By James Saft
(Reuters) - Younger investors may have drawn the right conclusion about the great financial crisis - that they were scammed - but their defensive reaction will simply add self-inflicted wounds to existing injuries.
Specifically millennials, aged 21 to 36, hold more than half of their assets across all accounts in cash, more than double the allocation of their elders, according to a survey by UBS released this year. (here)
Just 28 percent of their assets are in stocks, as against 46 percent for other adults (including retirees who often cut stock holdings for safety).
And lest you think this is just about being young and broke, even older millennials, aged 30 to 36, with more than $100,000 in assets were carrying a 42 percent allocation of cash.
While UBS attributes this conservatism to the market volatility and poor job security that younger people have become accustomed to, many must also have come to the conclusion that the investment industry is not a good place to get a fair shake.
Not only have we had (at least) two bubbles, but the news flow about financial services has been thick with stories about interest rate and foreign exchange rigging, self-dealing and outright fraud. The list is long, with Michael Lewis adding to it most recently when his investigation into high frequency trading led him to conclude the stock market itself is rigged.
While I share much, but not all, of this outrage over market and investment practices, the bottom line is that being 52 percent cash at a young age is like mailing yourself a very, very slow letter bomb.
Cash has its uses, to be sure. It provides optionality and it gives defense against overvalued markets. But over the long term - and when you are young the long term is your single greatest asset - cash is an almost sure loser, not just to other asset classes but often to inflation.
In the last 88 years, U.S. equities have returned 6.6 percent in real terms annually, as compared to 2.4 percent for government bonds, according to Barclays data. Cash has shown a real annual return of just 0.5 percent.
And while equities have done less well over the last decade, with a 5.5 percent annual real return, cash has shown a negative 0.8 percent annual return in the same period.
The bottom line is that millennials are making a terrible allocation decision at exactly the worst time, and have, to boot, largely missed out on the post-crisis rally.
While younger investors behave as if they are paralyzed by fear, the way they describe themselves is a bit more nuanced. The number who describe themselves as ‘somewhat aggressive’ or ‘aggressive’ is actually double that of baby boomers aged 49 to 67, but the number who are ‘somewhat conservative’ or ‘conservative’ is about half again more than their Generation X cohort a decade older.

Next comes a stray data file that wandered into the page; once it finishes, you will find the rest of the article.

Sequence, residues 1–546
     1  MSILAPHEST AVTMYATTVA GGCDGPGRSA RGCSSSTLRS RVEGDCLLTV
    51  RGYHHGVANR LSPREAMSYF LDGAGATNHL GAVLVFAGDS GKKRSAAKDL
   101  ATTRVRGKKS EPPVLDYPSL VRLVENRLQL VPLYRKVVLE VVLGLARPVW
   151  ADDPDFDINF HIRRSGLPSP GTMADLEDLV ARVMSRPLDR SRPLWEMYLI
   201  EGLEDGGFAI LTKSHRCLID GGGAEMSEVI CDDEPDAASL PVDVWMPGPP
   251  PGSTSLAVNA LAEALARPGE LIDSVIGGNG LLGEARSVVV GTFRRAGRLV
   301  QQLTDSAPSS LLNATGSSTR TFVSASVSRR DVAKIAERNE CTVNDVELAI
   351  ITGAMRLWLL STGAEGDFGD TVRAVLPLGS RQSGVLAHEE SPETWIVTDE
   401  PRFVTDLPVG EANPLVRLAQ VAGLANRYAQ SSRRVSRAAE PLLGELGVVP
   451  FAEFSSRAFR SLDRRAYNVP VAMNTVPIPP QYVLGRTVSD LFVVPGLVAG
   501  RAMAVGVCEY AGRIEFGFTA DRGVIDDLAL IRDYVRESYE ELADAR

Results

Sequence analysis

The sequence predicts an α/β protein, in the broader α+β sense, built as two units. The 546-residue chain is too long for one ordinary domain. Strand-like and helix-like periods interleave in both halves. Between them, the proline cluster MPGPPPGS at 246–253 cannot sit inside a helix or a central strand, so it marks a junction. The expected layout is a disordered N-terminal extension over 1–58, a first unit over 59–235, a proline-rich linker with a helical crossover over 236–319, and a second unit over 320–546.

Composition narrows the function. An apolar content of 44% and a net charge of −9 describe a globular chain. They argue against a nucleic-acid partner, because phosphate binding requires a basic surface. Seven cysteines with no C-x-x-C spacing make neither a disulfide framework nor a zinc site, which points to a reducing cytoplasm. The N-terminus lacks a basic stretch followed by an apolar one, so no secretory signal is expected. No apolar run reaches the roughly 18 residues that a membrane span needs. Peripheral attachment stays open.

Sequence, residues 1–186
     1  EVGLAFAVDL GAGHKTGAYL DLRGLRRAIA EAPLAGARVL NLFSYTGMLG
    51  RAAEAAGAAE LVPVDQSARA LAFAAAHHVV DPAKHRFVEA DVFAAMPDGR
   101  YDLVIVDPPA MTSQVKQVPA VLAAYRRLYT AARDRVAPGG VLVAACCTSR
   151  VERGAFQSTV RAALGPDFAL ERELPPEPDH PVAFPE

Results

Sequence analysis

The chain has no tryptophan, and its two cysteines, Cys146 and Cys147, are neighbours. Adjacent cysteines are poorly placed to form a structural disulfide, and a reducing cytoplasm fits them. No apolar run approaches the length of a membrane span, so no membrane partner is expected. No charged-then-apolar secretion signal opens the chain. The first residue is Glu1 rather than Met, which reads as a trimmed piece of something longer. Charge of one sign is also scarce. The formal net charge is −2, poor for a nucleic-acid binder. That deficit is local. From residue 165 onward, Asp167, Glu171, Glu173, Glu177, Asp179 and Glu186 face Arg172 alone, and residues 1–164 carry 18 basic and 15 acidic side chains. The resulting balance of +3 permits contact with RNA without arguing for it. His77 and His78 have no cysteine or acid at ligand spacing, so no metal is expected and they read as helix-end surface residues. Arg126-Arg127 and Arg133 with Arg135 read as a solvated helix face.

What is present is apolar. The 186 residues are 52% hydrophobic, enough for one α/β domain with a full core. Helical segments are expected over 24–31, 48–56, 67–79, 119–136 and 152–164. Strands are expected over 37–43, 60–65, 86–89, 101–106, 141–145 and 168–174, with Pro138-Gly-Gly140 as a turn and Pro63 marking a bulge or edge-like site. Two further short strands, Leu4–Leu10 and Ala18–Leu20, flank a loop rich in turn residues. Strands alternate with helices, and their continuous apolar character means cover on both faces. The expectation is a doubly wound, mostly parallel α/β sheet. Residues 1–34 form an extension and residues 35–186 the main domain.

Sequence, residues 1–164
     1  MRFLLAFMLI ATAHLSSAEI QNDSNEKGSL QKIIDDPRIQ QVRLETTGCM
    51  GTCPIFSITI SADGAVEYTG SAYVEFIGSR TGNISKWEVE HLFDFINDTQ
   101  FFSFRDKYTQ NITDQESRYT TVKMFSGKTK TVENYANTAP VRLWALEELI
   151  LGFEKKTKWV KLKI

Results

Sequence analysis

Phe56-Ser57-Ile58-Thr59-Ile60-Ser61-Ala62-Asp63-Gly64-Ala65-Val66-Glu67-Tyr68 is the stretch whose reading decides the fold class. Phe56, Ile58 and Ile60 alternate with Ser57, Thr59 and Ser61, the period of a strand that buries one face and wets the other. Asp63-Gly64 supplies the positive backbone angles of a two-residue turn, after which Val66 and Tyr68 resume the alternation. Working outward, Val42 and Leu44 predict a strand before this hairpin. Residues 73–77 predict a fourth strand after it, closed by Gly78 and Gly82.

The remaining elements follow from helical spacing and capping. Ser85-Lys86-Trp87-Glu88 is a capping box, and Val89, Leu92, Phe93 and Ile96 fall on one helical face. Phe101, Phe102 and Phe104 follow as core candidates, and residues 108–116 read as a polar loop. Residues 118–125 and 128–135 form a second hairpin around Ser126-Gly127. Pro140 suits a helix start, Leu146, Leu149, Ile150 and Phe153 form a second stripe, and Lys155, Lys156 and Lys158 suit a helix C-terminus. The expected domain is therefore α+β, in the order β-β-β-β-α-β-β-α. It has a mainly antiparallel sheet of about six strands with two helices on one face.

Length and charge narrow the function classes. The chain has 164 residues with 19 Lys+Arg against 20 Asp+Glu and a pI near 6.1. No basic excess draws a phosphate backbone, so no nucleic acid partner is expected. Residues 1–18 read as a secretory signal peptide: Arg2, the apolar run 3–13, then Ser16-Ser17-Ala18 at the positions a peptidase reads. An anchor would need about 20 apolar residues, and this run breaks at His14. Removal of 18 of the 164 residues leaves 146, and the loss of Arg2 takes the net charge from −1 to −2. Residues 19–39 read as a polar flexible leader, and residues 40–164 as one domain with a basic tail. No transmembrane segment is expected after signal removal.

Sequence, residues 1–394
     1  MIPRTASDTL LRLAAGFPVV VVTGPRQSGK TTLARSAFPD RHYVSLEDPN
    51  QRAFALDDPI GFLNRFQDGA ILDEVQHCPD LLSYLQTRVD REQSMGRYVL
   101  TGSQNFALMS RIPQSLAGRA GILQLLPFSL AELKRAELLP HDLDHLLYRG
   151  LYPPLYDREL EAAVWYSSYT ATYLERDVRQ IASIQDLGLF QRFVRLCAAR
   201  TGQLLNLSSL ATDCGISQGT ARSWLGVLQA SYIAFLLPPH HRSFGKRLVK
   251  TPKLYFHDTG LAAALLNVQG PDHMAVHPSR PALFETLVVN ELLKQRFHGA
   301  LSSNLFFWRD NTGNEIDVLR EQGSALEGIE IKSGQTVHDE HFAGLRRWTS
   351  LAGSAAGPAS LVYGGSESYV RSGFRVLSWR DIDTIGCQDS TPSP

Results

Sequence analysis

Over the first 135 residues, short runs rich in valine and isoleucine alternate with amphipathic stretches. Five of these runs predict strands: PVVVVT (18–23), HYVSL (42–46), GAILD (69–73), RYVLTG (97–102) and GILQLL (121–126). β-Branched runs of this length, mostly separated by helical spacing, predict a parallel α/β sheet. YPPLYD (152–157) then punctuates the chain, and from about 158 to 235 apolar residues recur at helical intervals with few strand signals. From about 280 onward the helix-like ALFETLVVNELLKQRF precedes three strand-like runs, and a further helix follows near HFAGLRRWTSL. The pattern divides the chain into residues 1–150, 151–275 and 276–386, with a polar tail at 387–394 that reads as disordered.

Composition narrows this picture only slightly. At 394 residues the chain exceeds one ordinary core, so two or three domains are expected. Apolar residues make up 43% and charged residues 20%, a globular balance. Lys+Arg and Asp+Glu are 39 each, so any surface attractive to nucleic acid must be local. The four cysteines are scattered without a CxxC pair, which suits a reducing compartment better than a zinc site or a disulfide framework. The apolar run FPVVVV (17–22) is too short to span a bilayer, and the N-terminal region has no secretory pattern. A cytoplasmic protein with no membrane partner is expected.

Behind this perhaps is the fact that millennials are about half as likely to believe that long-term investing is a primary path to success.
The great irony is that there has never been a better time to be a small, independent investor, even a bloody-minded one determined not to unnecessarily line the pockets of intermediaries.
Brokerage costs have cascaded downward over the past 20 years, while the Internet has made researching and transacting easier than ever before.
Index investing, either through traditional mutual funds or ETFs, is also easier, mostly cheaper than ever and available for far more assets.
None of this is to say that there aren’t huge issues for investors. The list is long, including abusively high 401k fees, over which investors have little control.
Central bank determination to use asset price inflation as a means to other ends is also concerning, and may end up imposing higher risk premia on financial assets than we’ve historically experienced. Demographics too may mean that long-term asset returns are lower than we’ve seen historically, as an aging population consumes their assets rather than investing in new ones.
It is almost impossible, though, to set up a scenario in which cash outperforms over the very long haul. It may for periods, even extended ones, but ultimately the value of cash - its optionality - is only realized when you use it by putting it to work elsewhere.
If this unwillingness to invest persists, it is going to be a huge problem, and not just for millennials. Both the industry and government stand to suffer; one by losing a generation of clients and the other by facing a generation with a huge structural savings shortfall.
(At the time of publication James Saft did not own any direct investments in securities mentioned in this article. He may be an owner indirectly as an investor in a fund. You can email him at firstname.lastname@example.org and find more columns at blogs.reuters.com/james-saft)
Editing by James Dalgleish nL2N0N00XP